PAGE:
Thursday, May 1, 2014

Avoiding Mourning Fog

It's amazing how I went through life in such a tremendous fog when I was mourning the children I couldn't have.

I missed a lot of things.

I was very numb to a lot of what was happening in my world.

Sometimes I look at my seven year old now, and I just cannot believe how old he is.  I can't fathom how he got so big.  I know it happened gradually--day by day, month by month.  It makes me sad to think about how sometimes I was so deep in my own mourning--my desire for more children--that I didn't pay close enough attention to what I had.

I know I can't go back; I can only do what I can with today.  However, thinking back to that time of darkness...that hopelessness...those years of grieving, I wish I could have forced myself to notice the present a little more.  I wish I would have accepted each day--painful as it was--as a true gift from God.  I wish I would have tried a little harder to cut through my obsession with having more children.

I definitely wouldn't change how dependent I became on God or how much more intimate my relationship was with Him.  The spiritual fruits of grief are the most amazing outcomes.

The point of this post is that if I find myself struggling with secondary sub/infertility again (or other circumstances of grief, pain, or even just uneasiness) in the future, I hope I can remember these realizations and put them into practice.  I know it will be difficult, but I hope I will attempt to cherish each day I have, because I don't want to repeat those mistakes.  I don't want a fog of mourning to consume my life.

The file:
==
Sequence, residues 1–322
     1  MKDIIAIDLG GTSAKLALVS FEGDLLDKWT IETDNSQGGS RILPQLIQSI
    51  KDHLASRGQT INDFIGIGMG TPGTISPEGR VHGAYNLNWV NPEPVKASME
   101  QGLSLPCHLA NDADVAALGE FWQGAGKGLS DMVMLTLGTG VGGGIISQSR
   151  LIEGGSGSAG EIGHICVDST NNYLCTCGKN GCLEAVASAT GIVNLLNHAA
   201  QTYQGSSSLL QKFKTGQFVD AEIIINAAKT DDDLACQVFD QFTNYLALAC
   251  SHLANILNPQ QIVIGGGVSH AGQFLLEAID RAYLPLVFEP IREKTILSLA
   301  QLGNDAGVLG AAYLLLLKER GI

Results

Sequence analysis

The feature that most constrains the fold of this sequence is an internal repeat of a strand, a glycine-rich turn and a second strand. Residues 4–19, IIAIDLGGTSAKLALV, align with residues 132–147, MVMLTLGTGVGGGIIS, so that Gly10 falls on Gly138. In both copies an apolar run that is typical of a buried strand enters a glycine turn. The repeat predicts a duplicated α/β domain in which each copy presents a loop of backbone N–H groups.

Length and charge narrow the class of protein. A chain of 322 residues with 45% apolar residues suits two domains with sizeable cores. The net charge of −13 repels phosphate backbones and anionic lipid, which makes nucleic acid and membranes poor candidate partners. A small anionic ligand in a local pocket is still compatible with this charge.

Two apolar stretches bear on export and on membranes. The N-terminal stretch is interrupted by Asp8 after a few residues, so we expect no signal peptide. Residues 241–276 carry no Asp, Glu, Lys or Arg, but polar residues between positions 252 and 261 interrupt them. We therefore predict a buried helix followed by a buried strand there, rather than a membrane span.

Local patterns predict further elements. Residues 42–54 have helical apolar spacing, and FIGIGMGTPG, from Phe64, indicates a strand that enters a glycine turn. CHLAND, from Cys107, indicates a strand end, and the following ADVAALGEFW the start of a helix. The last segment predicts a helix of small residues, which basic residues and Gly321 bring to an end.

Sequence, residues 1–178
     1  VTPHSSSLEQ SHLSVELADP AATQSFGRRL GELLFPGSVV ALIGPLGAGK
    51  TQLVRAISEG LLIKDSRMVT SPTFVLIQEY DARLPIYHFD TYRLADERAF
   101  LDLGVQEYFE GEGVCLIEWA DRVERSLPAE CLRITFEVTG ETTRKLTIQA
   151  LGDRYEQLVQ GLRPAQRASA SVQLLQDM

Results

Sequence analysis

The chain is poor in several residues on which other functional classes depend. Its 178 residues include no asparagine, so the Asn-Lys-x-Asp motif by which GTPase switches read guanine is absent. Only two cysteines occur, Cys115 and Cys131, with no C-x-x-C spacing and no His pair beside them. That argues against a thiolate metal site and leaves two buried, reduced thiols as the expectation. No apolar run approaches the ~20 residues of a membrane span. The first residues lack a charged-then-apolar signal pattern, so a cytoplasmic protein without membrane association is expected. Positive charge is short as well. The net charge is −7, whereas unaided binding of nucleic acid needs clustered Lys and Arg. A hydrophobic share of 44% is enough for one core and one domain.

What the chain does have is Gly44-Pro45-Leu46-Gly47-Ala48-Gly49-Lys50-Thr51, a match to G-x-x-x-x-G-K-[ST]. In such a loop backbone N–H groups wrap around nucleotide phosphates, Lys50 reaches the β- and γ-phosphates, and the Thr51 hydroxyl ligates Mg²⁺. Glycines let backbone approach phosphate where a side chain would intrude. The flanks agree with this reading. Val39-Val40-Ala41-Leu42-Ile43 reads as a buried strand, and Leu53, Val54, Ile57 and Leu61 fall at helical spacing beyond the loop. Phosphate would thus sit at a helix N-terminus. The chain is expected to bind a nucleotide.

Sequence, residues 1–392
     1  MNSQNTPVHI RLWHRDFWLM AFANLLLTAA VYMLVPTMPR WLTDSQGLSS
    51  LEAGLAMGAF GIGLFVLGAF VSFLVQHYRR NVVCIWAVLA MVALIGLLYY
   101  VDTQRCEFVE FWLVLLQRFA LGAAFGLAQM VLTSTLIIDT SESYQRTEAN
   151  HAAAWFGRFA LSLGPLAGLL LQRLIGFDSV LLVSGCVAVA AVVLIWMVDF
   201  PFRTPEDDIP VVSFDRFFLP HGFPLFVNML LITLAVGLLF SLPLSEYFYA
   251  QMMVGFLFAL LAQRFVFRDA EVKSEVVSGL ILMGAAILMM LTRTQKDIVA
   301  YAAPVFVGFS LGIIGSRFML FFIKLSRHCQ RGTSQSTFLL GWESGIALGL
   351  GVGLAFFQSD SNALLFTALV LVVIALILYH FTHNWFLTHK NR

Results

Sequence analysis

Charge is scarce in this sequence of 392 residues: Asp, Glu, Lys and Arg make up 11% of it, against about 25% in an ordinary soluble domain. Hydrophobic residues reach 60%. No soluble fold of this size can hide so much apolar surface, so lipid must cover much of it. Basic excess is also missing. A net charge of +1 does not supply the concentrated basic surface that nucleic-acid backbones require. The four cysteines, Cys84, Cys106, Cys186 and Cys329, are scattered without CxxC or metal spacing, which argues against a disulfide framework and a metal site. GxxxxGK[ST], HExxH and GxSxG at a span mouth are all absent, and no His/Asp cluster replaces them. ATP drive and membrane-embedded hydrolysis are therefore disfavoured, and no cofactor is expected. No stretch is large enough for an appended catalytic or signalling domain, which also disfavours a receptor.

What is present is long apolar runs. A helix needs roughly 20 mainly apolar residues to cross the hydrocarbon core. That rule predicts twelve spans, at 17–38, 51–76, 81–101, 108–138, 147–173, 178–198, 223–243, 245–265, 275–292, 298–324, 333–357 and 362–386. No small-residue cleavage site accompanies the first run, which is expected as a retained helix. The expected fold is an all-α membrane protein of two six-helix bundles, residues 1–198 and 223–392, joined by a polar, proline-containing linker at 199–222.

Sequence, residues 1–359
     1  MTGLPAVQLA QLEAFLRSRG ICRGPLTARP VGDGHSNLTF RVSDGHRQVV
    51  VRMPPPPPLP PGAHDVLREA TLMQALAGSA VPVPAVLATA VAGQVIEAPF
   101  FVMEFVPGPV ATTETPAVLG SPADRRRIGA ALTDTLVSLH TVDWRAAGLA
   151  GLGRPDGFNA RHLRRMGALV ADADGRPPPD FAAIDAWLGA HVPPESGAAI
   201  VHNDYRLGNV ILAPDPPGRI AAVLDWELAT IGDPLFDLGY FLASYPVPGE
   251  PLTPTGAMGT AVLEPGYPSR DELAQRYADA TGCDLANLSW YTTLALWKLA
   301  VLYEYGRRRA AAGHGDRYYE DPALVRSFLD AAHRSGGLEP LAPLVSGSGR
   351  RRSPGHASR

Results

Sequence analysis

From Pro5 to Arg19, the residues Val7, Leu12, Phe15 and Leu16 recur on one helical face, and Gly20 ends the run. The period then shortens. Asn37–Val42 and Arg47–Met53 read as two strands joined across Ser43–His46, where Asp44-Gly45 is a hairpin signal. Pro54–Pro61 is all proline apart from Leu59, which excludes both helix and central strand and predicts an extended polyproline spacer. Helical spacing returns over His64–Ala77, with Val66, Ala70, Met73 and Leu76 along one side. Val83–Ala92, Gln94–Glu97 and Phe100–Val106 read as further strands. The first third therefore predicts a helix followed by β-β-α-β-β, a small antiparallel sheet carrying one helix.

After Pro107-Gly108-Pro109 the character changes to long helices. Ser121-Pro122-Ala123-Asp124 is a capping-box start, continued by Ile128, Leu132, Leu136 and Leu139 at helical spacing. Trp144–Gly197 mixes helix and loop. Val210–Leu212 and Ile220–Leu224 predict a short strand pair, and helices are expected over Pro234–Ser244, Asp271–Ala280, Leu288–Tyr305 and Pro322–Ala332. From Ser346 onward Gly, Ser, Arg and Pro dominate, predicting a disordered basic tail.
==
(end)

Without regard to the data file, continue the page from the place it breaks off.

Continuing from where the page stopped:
Dear God, help me to always recognize that even in the midst of great suffering, you have given me tremendous gifts:  my life and the people who are in it.  Help me to avoid envy and presumption.  They are most definitely sins that magnify pain and deaden us to the world.  Lord, please don't allow me to skate through my life, wishing away difficult moments or days.  Help me to notice the goodness a little more.

Related posts:
The Discipline of Contentment
Does It Really Matter?

Saturday, April 26, 2014

It Never Completely Goes Away, Does It?

Something I have noticed even amidst abundant joy with my current family situation is a very small footprint...or etching of sadness.  It isn't always very noticeable.  I am not depressed or anything.  Perhaps since puberty I have been a little on the morose side at times.  Maybe it's just part of the human condition.  However, I really think it is related to my past struggles with sub/infertility.

It could just be that I need to break some bad habits in the way I think and react.  Why is it that I still feel a pin prick of sadness and envy when I find out someone is expecting?  

At other times, the difference in age between my two sons, although convenient at times, can be a painful reminder.  Or...I may see a larger family and wonder if sub/infertility will continue to be a part of our story as we possibly attempt to conceive again.

Don't get me wrong, I am so very happy with the blessings I have.  The majority of the time, I do not think about these things.  I am attempting to live in the moment and not get ahead of myself.  I know God is taking care of me, and I try to abandon these anxieties into His hands.

I am not sure what I expected, but I guess it makes sense that the pain is always with you somewhat.  I have heard before that even after "overcoming" infertility, the effects remain.  I think it may have been This Cross I Embrace who mentioned this.

Have any of you experienced the painful scars of infertility even after adopting or conceiving?  Have you heard of others who have?